Along those same lines, prioritizing adequate and restful sleep also contributes to the healing and recovery of chronic pain. Your sleep environment should be cool, dark, and quiet. A couple hours before bed, turn off the tv screen and don't eat or drink alcohol or caffeine to ensure you can fall asleep quickly. Instead, try some of those stress reduction tips outline above.
Telling someone who suffers from chronic pain to move more is a tough sell! My motto here is "something more than nothing". If you have trouble standing, then sit and lift your arms overhead or do circles with your shoulders. Lift your knees one by one or stretch by reaching for your toes or twisting side to side. If you can stand, try a 5 or 10 minute YouTube video like Qui Gong or Tai Chi which incorporate gentle movements safe for joints. If you can walk, take a lap around your house. Too easy? Then go down the street. Keep trying to move just a little more within your ability-every system in your body will thank you.
Finally, having loving and supportive relationships is important for chronic pain recovery. If you have someone in your life like this, I'm so glad for you. If you don't, there are some strategies to try to get a little more connected. Is there anyone you know who you could invite over for coffee and just spend time together? Is there a neighbor you could sit with outdoors or take a slow walk with? Is there a support group nearby with others who have the same diagnoses as you? How about an online Facebook group that could offer some community? Sharing your life, and your struggles, is all a part of the healing process.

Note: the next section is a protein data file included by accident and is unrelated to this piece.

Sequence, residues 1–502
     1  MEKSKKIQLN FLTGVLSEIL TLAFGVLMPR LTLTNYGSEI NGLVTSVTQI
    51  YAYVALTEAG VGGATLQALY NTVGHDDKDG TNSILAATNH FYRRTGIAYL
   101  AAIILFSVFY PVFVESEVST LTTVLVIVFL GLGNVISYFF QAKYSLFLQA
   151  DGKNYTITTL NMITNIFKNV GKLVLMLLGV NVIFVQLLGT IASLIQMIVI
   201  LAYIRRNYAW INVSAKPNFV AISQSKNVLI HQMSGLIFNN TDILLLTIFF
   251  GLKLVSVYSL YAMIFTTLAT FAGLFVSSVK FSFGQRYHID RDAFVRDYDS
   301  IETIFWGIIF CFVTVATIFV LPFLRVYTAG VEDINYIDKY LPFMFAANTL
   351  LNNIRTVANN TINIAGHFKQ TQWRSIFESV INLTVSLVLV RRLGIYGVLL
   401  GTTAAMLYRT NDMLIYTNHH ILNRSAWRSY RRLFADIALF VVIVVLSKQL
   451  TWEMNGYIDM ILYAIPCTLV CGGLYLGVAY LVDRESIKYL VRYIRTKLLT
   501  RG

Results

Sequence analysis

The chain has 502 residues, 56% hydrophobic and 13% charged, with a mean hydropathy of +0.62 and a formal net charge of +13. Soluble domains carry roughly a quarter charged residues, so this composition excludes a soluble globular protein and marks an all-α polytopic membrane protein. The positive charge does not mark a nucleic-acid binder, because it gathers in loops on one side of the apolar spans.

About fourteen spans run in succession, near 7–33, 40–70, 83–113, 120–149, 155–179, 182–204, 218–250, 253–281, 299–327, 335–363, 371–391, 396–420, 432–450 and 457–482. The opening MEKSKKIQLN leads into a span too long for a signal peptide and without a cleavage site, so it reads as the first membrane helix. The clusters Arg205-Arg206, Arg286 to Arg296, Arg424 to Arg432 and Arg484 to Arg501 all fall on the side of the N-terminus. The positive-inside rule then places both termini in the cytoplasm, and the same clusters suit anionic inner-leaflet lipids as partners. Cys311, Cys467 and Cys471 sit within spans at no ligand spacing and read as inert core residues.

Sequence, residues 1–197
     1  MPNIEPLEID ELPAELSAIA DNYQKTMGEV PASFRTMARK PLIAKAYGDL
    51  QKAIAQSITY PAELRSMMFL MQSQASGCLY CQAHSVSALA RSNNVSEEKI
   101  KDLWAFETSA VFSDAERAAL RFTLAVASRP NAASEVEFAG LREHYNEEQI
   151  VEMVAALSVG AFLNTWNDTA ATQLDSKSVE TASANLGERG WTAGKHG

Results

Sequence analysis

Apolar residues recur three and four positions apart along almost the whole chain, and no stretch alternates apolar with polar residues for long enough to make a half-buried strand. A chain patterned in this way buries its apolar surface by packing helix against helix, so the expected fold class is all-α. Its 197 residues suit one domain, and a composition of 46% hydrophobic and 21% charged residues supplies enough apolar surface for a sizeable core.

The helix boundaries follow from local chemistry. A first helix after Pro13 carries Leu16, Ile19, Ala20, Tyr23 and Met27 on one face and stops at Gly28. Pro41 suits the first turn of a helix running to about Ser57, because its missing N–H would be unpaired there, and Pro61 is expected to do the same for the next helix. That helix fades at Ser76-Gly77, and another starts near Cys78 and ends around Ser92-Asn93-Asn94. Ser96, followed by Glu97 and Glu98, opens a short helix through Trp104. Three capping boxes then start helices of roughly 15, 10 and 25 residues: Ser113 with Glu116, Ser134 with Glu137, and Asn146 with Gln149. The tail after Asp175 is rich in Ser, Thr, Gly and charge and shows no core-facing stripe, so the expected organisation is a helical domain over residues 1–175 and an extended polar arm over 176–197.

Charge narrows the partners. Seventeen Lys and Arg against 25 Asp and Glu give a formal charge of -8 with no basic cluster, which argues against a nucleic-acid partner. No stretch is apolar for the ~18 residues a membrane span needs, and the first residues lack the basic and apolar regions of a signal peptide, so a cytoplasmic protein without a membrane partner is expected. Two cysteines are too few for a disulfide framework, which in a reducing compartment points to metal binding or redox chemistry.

Pillar 4: Exploring Past Experiences
How a painful experience converts from acute to chronic is the subject of much research, given that millions of Americans suffer from the condition. Some are beginning to explore how other personal life experiences may create conditions that lead to sustained chronic pain more likely in one person rather than another. This concept seems unreal-that the past is related to pain now- so it's important to emphasized that I am not suggesting the pain is "all in your head". But the brain is the organ that is delivering the message that something hurts, and past neural processes may play a role. Genetics also has been found to provide clues to how someone processes pain, and there are diet, lifestyle, and supplement interventions that may help maximize neurochemical brain function when genetic changes are identified through testing.
People who have a history of depression, anxiety or emotional distress might be more likely to have acute pain turn into chronic pain. Someone with stressful childhood experience or has post-traumatic stress disorder (PTSD) may also be more likely to be affected with chronic pain in their lifetime. There are approaches to examining these past experiences that may bring some insight and perhaps resolution or clarity that affects overall healing. Cognitive Behavioral Therapy (CBT) has been found to be helpful and practitioners of this therapy are widely available. There are several digital apps that explore pain, negative emotions and past experience such as Curable and What's Up: A Mental Health app. Exploring this historical aspect of chronic pain is just another tool in the toolbox to alleviate symptoms and find relief. The US Pain Foundation offers a blog for the Best 10 Apps for People With Chronic Pain where you might find a resource that is new and helpful to you.
If you think you'd like to explore working with me with personalized nutrition services, click the button below to schedule an introductory phone call to chat about your goals and nutritional needs. I look forward to connecting!
Lisa Hillmann, MS, RD, LD
Registered Dietitian/ Functional Nutritionist